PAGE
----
Neil Tambe

Let’s go.

I'm a Detroiter who happens to enjoy writing, national parks, orange juice, the performing arts, and fanciful socks. More than anything though, I aspire to be a good husband, father, and citizen.

I wonder why...

As I listened to the beautiful carols and meaningful homily at Christmas Eve mass, I wondered why so many people resort to violence over “disagreements” of faith. Why can’t we recognize the beauty within others’ traditions and leave it at that?

As I lounged with Robyn on our couch, reflecting on our year, I wondered why for so many people a peaceful home and loving family isn’t enough. I know we are blessed to have stability in our basic needs and the ability to have leisure time, but isn’t peace and love a minimum that most people can reach?

As I took time away from work after a month on overdrive, I wondered why I’ve always had an unhealthy relationship between work and identity. When did work become about status and avoiding shame instead of putting food on the table and sharing my gifts with others?

As I realized this morning that I may have messed up Spirit Airlines check-in (it’s equally possible Spirit’s check-in process has really bad design) and may be at higher risk for a flight bump down to Florida, I wondered why I became to angry with myself over something that may not even be a problem. Why is it that I treat myself with more cruelty than I treat others?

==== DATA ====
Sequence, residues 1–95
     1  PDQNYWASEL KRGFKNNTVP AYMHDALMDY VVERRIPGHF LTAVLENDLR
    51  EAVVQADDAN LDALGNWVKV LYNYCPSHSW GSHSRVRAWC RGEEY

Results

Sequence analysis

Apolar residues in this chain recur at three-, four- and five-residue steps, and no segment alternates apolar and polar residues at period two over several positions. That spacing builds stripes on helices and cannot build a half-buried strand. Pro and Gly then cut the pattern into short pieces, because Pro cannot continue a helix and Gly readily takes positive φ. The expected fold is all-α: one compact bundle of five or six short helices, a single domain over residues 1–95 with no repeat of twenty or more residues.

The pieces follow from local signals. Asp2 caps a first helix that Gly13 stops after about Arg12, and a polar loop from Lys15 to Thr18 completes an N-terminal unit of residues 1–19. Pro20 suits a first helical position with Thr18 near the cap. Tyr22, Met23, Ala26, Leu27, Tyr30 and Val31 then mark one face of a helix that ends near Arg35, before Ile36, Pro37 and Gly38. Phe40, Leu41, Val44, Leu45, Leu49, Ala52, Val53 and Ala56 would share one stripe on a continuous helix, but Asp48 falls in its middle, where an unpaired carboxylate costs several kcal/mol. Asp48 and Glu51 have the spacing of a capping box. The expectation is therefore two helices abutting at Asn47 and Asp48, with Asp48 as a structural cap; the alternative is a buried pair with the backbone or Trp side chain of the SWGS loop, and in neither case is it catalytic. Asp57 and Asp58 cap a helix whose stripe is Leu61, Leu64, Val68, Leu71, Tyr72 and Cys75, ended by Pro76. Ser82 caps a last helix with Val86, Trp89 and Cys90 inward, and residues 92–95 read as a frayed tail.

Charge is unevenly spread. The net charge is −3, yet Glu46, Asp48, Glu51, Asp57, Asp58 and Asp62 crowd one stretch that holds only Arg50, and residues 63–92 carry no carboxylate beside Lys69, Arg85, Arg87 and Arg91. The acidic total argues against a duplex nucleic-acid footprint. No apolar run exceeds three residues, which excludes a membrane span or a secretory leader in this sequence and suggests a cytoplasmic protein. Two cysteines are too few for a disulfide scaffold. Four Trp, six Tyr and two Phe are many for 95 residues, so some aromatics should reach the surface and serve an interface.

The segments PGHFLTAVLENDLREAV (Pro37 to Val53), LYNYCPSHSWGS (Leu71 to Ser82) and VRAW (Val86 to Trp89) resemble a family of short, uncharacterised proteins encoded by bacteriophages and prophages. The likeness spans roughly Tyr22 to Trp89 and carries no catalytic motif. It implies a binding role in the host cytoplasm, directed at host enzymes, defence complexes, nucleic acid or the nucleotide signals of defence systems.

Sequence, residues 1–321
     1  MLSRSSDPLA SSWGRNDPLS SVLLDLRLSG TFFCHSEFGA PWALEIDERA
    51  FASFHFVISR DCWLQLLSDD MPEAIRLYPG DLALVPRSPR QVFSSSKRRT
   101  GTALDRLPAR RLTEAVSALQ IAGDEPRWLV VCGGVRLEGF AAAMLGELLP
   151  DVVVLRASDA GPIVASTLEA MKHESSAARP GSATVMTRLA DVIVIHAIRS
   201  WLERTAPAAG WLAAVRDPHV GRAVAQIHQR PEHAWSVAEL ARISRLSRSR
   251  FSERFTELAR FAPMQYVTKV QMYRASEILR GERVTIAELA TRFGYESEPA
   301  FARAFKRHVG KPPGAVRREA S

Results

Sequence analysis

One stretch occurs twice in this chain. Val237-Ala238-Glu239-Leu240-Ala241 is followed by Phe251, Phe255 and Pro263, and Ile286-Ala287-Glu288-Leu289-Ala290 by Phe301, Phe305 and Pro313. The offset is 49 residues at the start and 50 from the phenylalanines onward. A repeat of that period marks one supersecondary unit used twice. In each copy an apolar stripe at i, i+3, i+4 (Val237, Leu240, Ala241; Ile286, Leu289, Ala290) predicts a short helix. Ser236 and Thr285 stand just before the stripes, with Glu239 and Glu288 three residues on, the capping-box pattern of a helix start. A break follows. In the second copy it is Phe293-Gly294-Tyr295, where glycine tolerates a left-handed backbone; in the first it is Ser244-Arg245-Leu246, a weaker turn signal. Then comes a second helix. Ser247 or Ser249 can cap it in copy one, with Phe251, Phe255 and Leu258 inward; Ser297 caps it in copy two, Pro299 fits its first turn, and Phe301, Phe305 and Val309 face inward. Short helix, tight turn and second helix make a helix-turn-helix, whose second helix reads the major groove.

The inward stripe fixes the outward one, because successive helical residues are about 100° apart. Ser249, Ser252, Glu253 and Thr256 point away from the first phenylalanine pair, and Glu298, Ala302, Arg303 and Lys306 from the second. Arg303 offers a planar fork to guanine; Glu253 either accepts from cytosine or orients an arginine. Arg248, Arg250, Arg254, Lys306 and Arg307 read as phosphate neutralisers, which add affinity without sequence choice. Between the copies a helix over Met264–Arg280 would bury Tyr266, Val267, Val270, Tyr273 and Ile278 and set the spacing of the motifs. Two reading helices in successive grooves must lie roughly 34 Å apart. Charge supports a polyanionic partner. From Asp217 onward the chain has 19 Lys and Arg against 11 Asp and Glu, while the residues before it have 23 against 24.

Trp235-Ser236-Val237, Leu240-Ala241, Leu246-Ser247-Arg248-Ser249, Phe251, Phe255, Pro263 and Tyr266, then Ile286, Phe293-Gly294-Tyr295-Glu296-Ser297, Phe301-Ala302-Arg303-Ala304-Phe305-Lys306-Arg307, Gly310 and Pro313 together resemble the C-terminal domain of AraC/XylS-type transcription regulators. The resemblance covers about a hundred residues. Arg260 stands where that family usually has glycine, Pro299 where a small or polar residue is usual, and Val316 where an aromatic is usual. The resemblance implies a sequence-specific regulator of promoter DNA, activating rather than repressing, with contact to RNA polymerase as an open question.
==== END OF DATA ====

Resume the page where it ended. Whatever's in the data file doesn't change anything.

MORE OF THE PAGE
As I chat (literally as I write this) with my man at the quick lube, I wonder why this conversation is so less guarded than many others I have with semi-strangers. What is it about our culture that makes us behave in ways that are so cutthroat and skeptical?

As I make all these observations, I wonder where the need for moremoremore comes from. What do I truly need more of, and what am I merely fooling myself about? 

And as I contemplate the way out of this culture, all I can think of is the first step...but maybe that’s enough. I think I individually and we collectively ask ourselves, especially when in the throes of anger and despair, why and what. Why are we doing this? What are we trying to accomplish? What’s it for? Why does this really matter?

It is through those questions that two really important things happen. First, we reorient away from distractions that seem important by really aren’t. don’t really matter. And perhaps more importantly, the questions force the pause we need to do the long term essentials to reach challenging goals - like think, plan, reflect, learn, and heal - that are easily trumped by the urgencies of right now.

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Please do say hello: neil.tambe[at]gmail[dot]com